Our two-part series in P&T in December 2007 and January 2008 included many recommendations to improve PCA safety, including the following:6,7

  • evaluating the patient’s level of pain, alertness, and vital signs, including rate and quality of respirations, every 2 to 4 hours.
  • evaluating patients with minimal verbal and tactile stimulation to obtain an accurate assessment of their level of sedation.
  • monitoring patients more frequently during the first 24 hours and at night, when hypoventilation and nocturnal hypoxia may occur.
  • using early warning devices, such as apnea alarms at night, and pulse oximetry or capnography, which can alert practitioners to respiratory insufficiency.

Tables

Risk Factors for Respiratory Depression During Patient-Controlled Analgesia (PCA)

  • Use of basal infusion
  • Advanced age
  • Obesity
  • Upper abdominal surgery
  • Obstructive sleep apnea
  • Concurrent use of central nervous system depressants
  • Impaired renal, pulmonary, hepatic, or cardiac function
  • Pump programming errors
  • Families and visitors pushing the PCA buttons (PCA by proxy)
  • Lack of opioid tolerance

Nurse Screening for Sleep Apnea*

  • Is the patient’s body mass index greater than 25?
  • Does the patient have a history of excessive daytime sedation?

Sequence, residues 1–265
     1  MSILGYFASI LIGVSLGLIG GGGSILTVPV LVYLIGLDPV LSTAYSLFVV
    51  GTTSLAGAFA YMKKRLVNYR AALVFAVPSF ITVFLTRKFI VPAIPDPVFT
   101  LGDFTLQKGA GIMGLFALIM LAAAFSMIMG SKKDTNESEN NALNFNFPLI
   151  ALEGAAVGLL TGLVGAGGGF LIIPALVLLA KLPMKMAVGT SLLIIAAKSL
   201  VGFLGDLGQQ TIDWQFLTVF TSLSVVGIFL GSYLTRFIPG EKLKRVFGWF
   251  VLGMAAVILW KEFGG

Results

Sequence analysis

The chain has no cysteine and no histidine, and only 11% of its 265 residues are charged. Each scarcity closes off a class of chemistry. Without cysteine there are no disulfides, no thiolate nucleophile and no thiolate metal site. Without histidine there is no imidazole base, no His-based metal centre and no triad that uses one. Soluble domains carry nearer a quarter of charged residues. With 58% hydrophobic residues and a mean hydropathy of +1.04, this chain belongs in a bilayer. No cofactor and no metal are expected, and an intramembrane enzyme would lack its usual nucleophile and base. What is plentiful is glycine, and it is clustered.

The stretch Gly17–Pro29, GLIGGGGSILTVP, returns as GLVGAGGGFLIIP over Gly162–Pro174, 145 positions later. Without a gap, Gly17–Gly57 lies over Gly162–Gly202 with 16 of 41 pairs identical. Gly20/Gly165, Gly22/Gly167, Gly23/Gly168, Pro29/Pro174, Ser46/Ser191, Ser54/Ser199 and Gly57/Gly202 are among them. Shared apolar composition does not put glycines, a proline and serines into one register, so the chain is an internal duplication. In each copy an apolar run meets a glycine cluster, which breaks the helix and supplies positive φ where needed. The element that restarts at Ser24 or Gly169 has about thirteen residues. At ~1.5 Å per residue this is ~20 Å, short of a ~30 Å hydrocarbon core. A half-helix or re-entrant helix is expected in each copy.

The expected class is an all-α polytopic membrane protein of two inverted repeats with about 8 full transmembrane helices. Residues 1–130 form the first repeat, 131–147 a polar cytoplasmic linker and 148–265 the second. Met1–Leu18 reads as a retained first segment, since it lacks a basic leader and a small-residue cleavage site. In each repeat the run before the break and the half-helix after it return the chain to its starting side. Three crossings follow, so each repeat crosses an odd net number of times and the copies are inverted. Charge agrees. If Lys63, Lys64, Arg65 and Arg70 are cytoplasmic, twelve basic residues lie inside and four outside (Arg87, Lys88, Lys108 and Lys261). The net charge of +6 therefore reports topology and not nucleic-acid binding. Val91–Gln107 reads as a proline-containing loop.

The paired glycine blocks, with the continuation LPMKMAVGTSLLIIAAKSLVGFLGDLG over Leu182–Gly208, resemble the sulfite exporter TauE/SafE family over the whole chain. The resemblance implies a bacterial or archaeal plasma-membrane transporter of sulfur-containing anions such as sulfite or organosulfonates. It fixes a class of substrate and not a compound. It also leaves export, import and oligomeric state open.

• Does the patient have a history of snoring?
  • Does the patient have a history of hypertension?

*If two of these factors are positive, the nurse should consult a respiratory therapist for a modified Berlin sleepiness screening.

References
  • Hagle ME, Lehr VT, Brubakken K, Shippee A. Respiratory depression in adult patients with intravenous patient-controlled analgesia. Ortho Nurs 2004;23:18–29.
  • McCaffery M, Pasero C. Pain: Clinical Manual 2nd edBoston: Mosby. 1999;
  • Weber L. Implementation of standard order sets for patient controlled analgesia. Am J Health Syst Pharm 2008;65:1184–1191.
  • Principles of Analgesic Use in the Treatment of Acute Pain and Cancer Pain 6th edGlenview, Ill.: American Pain Society. 2008;
  • Ashburn M, Love G, Pace N. Respiratory related critical events with patient-controlled analgesia. Clin J Pain 1994;10:52–56.
  • Grissinger M. Safety and patient-controlled analgesia. Part 1: How errors occur. P&T 2007;32;(12):641–642.
  • Grissinger M. Safety and patient-controlled analgesia. Part 2: How to prevent errors. P&T 2008;33;(1):8–9.